Honda has decided to collab with an Italian company in the business of 3D printing – and the machines work almost exclusively with clay.
Let’s talk about it.
The Japanese public multinational conglomerate manufacturer has been keeping themselves on the cutting edge of the latest and greatest when it comes to new concepts in the two-wheeled community. They’ve signed on with Yamaha, Suzuki, and Kawasaki to create a battery-swapping system for the EV world, approached their country’s involvement in carbon neutrality with the utmost concern – heck, there’s even talk of Honda’s intentions to put AI (artificial intelligence) in some of their bike components for future models.
Amidst all this, Honda continues to putter away at their motorcycle concepts – and part of that process involves creating prototype parts to test out in the lab before swinging a leg over and hitting the road.
This is where WASP comes in.
A company leader in 3D printing, WASP’s LDM technology works by using ceramic materials (clay) and other reusable natural materials found in the local soil to form an eco-friendly, clay-based 3D printed project.
According to 3DPrintingIndustry, Honda has integrated WASP’s 3D printing technology into its creative process, “in order to shorten its vehicles’ time to market, creating a hybrid approach to industrial clay modeling that modernizes its workflow while retaining the artistry associated with hand-crafted motorcycles.”
But why clay?
GrabCad states that the value of clay – at least in the automotive industry – is in the product’s malleability, as well as the price point of creating a model from the digital rendering.
“Because clay models are often to scale, it’s the next best thing to seeing an actual prototype, plus it costs less. Designers can add to and take away from any area of the car’s exterior with little trouble, making it a highly fluid media…and many auto designers say that clay allows them to spot flaws in digital renderings.”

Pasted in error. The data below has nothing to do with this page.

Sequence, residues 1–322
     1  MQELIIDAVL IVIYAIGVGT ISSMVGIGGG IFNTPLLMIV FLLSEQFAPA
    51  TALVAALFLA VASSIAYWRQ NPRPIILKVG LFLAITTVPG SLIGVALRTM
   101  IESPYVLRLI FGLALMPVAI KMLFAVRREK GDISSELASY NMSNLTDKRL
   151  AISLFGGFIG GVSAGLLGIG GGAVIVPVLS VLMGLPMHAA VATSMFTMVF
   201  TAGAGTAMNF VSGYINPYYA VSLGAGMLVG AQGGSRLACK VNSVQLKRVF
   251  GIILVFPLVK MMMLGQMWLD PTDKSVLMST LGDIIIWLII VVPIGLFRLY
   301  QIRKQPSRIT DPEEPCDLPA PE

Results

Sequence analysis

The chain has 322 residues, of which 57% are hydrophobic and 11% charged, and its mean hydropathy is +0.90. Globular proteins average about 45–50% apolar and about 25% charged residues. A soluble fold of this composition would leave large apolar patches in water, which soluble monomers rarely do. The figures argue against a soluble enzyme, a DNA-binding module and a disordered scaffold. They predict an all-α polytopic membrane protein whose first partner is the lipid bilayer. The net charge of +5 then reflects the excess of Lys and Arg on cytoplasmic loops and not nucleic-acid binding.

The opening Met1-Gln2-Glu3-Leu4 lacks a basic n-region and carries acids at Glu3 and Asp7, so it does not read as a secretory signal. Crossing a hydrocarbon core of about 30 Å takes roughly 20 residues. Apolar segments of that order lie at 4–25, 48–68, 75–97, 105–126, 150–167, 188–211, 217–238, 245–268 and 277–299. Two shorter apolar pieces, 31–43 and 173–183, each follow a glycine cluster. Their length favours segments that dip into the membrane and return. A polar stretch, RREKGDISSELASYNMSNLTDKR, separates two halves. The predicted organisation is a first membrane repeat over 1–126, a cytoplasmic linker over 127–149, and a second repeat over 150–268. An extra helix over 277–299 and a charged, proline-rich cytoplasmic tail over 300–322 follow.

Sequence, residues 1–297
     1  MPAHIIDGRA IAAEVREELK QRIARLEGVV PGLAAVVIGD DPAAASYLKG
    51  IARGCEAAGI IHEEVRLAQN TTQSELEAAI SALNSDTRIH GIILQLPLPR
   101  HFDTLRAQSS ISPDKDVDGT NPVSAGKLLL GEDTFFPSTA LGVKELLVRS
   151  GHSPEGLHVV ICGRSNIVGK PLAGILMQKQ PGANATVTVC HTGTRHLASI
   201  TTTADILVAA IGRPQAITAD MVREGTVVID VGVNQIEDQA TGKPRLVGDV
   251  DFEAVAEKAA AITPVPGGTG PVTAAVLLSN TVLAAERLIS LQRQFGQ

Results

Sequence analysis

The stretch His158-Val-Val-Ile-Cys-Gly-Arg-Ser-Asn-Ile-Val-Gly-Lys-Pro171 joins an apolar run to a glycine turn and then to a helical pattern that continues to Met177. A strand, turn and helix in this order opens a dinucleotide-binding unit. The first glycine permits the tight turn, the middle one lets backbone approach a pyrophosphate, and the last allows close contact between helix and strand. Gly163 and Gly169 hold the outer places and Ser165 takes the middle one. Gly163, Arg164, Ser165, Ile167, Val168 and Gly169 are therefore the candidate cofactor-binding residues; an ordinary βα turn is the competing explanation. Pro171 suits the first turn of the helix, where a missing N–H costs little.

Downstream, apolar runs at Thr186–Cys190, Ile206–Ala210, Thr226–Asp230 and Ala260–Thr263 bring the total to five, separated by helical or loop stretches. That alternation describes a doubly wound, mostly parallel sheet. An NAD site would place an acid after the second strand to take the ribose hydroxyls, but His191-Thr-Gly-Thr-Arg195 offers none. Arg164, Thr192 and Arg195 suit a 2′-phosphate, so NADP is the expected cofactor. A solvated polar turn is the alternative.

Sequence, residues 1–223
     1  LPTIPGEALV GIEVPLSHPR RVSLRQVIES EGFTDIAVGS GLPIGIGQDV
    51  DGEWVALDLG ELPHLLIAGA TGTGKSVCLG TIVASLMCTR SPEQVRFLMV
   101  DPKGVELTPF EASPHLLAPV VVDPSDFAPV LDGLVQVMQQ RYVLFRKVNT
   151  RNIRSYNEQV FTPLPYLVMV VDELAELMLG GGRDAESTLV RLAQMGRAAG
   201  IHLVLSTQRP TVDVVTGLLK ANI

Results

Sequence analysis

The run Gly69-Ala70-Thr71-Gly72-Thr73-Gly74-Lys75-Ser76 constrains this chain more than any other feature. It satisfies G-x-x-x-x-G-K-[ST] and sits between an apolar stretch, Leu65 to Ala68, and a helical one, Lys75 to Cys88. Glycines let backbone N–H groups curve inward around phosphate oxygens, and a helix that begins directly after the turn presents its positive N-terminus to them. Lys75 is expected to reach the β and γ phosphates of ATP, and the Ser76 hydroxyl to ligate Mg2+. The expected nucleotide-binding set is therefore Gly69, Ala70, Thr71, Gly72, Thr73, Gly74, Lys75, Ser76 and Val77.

Industrial clay is commonly used for prototyping new part designs within motorcycle manufacturing as well. Still, the process is typically manual, which can be slow – so slow, in fact, that Honda’s started to chafe at the bit when it comes to the turnaround time of their projects.
Combine clay modeling with the capabilities of 3D mass manufacturing, and you’ve not only got yourself a more efficient method when it comes to the material – you’ve got yourself a process that syncs up to the production speeds of a manufacturing giant like Honda in no time flat.
This doesn’t mean the company is completely doing away with their modelers. On the contrary, the role of the modeler in charge of the machine will be all the more pivotal, requiring the worker to be responsible for the entire process of the prototypes, from the 3D design to the final hand-made product.
“In order to preserve the creative process, we cannot rely on technology alone, but we need modelers not to interrupt their connection with matter in its most direct form: the hands,” says Antonio Arcadu, Design Modeling Coordinator at Honda R&D Europe says.
“Although this is a newly introduced process, it can be considered disruptive in the automotive sector because it introduces a new flow, mostly additive, able to optimize processing times and reduce the amount of material used in the traditional and subtractive processes.”
With the partnership reducing Honda’s costs and manufacturing time (without impacting labor forces), we’re excited to see what these two companies get up to in the coming years.
Stay safe on the twisties, and make sure to check out other concepts from Honda that we’ve covered recently.